Richard Ashcroftnatural rebel

Natural Rebel


Louder Than War Bomb Rating 2.5


Lyrics about banning the bomb, avoiding trams, birds flying? That’s Richard Ashcroft, naturally. But is his fifth studio album a Natural Rebel or a natural disaster? Sam Lambeth finds out.

Natural Rebel feels like a fitting description for former Verve frontman Richard Ashcroft, or should that be a self-fulfilling prophecy? The Mancunian malcontent, lest we forget, is not big on humility. Ever since The Verve broke down the barriers of Britpop with the weighty themes of 1997’s Urban Hymns, Ashcroft has more or less peddled the same string-drenched bombast and self-indulgent platitudes with varying levels of success.

Ashcroft’s greatest gift is in the fact he can take ubiquitous pub philosophies and chant them with the sage wisdom of a modern-day prophet (see his recent, and admittedly rather entertaining, appearance on Soccer AM). Whereas in the past we’ve had “hold on”, “it’s a crazy world” and “we are on a rock, spinning silently,” on Natural Rebel we have the sing-a-long shouts of “if I’m singing for me, I’m singing for you” and a bonkers rhyming couplet that ends with the “garden of Gethsemane” (see the driving melodies of That’s When I Feel It).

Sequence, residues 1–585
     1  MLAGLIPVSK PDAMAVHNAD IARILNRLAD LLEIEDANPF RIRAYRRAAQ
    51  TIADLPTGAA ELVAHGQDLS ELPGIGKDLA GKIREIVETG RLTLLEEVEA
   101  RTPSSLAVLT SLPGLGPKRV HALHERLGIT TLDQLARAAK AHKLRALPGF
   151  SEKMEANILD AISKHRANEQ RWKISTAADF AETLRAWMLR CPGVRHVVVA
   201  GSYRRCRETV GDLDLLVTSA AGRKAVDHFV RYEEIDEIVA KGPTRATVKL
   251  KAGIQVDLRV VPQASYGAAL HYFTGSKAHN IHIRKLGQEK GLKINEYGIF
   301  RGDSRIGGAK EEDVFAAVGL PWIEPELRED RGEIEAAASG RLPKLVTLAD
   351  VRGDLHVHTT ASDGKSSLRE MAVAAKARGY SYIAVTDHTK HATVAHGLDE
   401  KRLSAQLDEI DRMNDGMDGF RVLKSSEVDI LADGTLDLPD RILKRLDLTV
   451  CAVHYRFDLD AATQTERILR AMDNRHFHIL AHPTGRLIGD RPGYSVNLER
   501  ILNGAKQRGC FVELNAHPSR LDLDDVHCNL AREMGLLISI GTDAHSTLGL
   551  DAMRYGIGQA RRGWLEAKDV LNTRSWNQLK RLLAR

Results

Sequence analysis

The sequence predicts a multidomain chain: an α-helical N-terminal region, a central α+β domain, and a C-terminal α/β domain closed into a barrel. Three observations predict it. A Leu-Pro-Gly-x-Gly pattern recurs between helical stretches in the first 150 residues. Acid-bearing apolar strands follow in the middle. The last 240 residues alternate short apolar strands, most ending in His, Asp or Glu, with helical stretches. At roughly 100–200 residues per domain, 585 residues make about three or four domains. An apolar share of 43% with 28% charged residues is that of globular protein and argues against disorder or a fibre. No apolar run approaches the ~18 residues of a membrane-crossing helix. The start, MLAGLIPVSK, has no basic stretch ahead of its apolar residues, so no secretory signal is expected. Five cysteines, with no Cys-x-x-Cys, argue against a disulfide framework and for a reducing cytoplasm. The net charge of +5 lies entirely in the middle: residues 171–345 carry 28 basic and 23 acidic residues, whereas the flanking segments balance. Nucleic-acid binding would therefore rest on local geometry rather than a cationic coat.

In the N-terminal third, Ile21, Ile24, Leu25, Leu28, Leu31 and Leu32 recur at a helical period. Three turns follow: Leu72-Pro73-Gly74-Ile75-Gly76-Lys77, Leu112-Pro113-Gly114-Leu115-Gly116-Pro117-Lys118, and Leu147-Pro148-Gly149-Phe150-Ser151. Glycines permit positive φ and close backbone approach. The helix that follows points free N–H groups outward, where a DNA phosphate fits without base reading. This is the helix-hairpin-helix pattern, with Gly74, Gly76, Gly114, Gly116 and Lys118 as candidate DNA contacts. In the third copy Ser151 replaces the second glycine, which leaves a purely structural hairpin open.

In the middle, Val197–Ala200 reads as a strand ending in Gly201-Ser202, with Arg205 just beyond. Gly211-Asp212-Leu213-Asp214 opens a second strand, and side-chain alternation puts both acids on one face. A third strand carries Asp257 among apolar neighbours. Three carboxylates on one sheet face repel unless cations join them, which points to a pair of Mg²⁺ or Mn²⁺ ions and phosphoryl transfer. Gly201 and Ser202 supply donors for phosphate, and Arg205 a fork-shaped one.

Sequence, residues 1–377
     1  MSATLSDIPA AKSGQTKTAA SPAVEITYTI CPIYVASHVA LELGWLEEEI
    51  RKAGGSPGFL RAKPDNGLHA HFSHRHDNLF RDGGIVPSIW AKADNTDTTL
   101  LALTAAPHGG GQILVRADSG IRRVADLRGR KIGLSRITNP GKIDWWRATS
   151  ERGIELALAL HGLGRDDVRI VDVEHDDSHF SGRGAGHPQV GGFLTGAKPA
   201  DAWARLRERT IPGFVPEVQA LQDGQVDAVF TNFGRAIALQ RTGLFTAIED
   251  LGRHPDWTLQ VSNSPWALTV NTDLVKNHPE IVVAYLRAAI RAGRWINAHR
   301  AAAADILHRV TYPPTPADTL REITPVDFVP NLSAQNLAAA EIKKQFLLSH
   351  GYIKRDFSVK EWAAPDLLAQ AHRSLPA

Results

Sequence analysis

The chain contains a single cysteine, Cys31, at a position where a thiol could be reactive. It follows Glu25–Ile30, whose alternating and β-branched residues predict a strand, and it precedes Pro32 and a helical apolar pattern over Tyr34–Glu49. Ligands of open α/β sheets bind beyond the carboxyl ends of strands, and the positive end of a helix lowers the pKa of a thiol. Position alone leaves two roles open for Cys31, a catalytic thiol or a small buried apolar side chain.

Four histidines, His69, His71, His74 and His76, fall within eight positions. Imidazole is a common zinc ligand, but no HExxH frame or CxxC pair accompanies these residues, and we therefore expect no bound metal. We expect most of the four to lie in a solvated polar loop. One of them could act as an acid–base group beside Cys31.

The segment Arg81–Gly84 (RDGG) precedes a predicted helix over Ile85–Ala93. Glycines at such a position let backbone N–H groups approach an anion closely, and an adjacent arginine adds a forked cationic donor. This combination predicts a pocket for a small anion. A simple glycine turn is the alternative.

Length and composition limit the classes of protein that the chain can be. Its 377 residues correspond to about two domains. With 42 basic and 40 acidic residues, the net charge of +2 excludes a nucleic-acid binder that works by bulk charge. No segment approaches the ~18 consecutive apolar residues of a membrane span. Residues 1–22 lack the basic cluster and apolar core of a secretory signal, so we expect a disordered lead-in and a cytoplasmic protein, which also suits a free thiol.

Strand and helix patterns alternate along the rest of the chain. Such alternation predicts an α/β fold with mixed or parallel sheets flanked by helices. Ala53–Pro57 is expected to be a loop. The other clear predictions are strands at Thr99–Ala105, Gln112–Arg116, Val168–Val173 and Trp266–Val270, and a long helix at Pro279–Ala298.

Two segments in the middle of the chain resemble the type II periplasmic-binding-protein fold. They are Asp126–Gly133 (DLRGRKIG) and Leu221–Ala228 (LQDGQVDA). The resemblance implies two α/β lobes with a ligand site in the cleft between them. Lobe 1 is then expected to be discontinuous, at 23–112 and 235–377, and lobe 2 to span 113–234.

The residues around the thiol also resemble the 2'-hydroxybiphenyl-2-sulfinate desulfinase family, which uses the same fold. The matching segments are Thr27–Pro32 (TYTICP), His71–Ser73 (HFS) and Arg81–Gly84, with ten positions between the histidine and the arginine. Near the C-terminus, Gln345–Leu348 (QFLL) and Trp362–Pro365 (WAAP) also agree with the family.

For all of Ashcroft’s faults, though, Natural Rebel is his best record for quite some time; by swapping the weighty themes of 2016’s portentous These People for something more close to home, the songs sound sturdier, more relaxed, more gentle. Lead single Surprised By The Joy sets the precedent, pleasant acoustic guitars, sparkling riffs and Ashcroft’s undeniably exuberant growl. That’s How Strong revisits the sun-kissed strum of Science of Silence, buoyed by chiming guitars and stop/start drums, while the sweeping, majestic Streets of Amsterdam could soundtrack a slightly bleary-eyed vacation in Vitesse, dodgy lyrical comparisons to John and Yoko, as well as stone cold coffee, aside.

And that’s a problem that befouls Natural Rebel, as with most of Ashcroft’s solo output. Aside from the string-drenched Alone With Everybody, Ashcroft has continued to write in nothing but empty-sounding lyrical bluster. Musically, the album stays within his tried and tested formula – think big-hearted formulas, twangy guitars and chugging acoustics – but these days even erstwhile Luddite Noel Gallagher is pushing the boundaries. For Ashcroft, his voice may still invoke goosebumps and he still may be able to come up with the singular goods, but breaking out of his comfort zone would be highly welcome. “Your songs mean nothing at all,” he snarls at one point. Ironically, it’s the only moment on the album that could pass for deep self-realisation.

Richard Ashcroft is on Facebook and Twitter.


Sam Lambeth is a journalist, writer and musician, born in the West Midlands but currently living in London. He performs in his own band, Quinn. He is on Twitter, and more of his work can be found on his archive.

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